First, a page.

Religion and the Environment: An Exploration of the Connections Among the Hindu and Christian Community in the Republic of Mauritius
A growing chorus of voices has suggested that the world’s religions may, individually and collectively, become critical actors as environmental problems intensify and the climate crisis unfolds. Religions affect societies at every level and they are key factors to take into account in designing environmental and climate change policies and communication strategies. However, empirical research on the issue remains divided and inconclusive. Findings offer few conclusive or consistent signs on whether religion is good, bad, or otherwise inconsequential with respect to how people express their environmentalism through their religious beliefs and attitudes. Wide heterogeneity in perspectives can also be observed both within religious groupings as well as across religious groupings. Understanding this heterogeneity might unveil crucial information about a community’s perception of environmental risk and locus of control and can be extremely helpful in planning sensitization campaigns to promote pro-ecological behavior. The research study which forms the basis of this chapter attempted to explore how this diversity of eco-theological linkages operates in the Republic of Mauritius by investigating the way and extent to which the religious beliefs and values of the two main faith groups in Mauritius (the Hindus and Christians, respectively) shape adherents’ perspectives on issues of climate and other environmental changes. It specifically analyzes whether there is any significant relationship between levels of religiosity and environmental concern, as well as qualitatively examining how participants make sense of and respond to environmental and climate change risks in light of their respective faith. The research was undertaken using a mixed methods approach that employed a combination of self-completion questionnaires and in-depth interviews. Quantitative data were analyzed by means of the SPSS statistical software while qualitative data were assessed by means of descriptive and thematic interpretations. The results indicate that, overall, the way that participants’ perspectives on ecological and climate change issues relate to their religious beliefs and values is much more nuanced and varied than a linear conceptual framework would otherwise suggest. Depending on the particular environmental variable measured, the religious beliefs tended to be sometimes of a stewardship and type at other times espoused the character of mastery over nature, both within and across the two faith communities studied. Importantly, participants do not seem to explicitly relate their ecological behaviors to their religious beliefs and do not act in a way that is congruous with their values in general. This study makes a refreshing contribution to our understanding of the religion-environment nexus in Mauritius and constitutes an important basis for further studies seeking to understand how to optimize and improve the overall effectiveness of public engagement campaigns.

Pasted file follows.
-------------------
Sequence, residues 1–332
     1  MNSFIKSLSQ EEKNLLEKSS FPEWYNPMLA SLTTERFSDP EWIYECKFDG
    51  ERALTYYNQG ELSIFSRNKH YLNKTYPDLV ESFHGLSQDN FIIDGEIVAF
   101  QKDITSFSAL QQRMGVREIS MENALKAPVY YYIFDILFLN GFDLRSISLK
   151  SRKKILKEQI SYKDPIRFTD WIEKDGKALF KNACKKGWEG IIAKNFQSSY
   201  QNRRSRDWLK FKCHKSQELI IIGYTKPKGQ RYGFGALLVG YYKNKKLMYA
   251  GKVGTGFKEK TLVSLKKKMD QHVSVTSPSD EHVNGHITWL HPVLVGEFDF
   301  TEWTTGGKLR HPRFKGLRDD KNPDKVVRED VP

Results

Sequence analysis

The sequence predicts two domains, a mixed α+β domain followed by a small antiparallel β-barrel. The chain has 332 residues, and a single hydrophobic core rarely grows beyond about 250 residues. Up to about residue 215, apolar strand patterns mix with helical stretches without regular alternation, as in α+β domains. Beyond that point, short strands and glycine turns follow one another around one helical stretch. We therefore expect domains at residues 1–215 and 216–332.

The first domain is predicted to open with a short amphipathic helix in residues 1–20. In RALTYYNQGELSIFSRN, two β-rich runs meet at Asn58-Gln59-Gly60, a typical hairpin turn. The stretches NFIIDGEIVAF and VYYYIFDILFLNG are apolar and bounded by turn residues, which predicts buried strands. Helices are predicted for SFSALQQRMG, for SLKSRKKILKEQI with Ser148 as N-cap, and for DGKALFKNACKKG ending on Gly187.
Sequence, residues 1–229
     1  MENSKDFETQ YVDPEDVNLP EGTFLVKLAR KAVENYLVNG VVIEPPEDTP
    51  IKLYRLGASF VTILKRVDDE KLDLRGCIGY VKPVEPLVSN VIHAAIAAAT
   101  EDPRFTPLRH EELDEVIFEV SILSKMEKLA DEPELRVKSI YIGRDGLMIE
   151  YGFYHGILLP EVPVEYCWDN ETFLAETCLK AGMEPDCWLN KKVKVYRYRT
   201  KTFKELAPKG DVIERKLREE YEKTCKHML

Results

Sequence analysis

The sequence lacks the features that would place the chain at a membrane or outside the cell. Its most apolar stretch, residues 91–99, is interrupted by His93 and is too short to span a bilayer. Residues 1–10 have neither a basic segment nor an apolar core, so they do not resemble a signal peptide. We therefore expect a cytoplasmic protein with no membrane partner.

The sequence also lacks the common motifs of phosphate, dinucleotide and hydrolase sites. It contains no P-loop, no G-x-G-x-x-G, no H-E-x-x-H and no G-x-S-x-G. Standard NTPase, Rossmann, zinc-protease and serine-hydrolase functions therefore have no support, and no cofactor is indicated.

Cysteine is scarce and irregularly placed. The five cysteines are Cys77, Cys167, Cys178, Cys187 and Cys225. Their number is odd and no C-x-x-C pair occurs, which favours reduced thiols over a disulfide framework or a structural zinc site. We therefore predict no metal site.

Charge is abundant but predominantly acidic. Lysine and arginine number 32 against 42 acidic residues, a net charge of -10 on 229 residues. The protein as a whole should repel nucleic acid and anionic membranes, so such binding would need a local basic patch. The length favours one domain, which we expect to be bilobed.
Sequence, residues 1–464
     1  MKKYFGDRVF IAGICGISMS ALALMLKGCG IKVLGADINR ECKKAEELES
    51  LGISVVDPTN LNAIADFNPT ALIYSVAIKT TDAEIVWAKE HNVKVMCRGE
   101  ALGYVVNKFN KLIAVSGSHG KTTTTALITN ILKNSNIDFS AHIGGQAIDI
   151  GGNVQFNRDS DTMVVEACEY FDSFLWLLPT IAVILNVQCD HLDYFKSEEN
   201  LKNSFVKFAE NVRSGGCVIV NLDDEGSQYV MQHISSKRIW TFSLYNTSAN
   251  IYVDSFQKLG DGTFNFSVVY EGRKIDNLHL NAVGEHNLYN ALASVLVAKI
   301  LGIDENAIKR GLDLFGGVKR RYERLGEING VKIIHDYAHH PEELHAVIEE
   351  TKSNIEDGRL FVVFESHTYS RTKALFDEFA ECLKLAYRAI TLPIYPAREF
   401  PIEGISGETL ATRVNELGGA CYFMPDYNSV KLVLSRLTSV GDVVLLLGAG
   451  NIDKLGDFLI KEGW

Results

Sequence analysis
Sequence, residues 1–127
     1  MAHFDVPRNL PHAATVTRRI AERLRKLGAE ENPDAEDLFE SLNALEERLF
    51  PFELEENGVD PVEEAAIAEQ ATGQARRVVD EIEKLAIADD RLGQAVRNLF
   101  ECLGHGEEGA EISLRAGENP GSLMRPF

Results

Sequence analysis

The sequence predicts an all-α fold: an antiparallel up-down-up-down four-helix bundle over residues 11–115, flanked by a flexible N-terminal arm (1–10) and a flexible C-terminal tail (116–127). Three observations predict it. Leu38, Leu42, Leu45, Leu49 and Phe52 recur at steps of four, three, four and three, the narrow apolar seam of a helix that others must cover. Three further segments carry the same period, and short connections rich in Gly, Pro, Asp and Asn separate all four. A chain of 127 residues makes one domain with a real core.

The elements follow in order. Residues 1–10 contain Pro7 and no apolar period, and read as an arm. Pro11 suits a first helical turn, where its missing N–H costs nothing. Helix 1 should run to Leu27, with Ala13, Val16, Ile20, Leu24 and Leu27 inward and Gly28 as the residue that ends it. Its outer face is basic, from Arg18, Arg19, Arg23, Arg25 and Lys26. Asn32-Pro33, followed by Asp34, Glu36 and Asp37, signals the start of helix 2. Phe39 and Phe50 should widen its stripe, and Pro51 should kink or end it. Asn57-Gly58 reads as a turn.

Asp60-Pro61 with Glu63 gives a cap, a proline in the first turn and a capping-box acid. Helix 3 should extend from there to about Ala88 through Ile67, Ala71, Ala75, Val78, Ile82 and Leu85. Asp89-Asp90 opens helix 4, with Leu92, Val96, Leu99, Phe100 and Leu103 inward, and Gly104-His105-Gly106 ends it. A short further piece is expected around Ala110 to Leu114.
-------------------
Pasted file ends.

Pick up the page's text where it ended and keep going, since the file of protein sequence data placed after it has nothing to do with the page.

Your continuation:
KeywordsReligion Faith Culture Environmental attitudes Climate change
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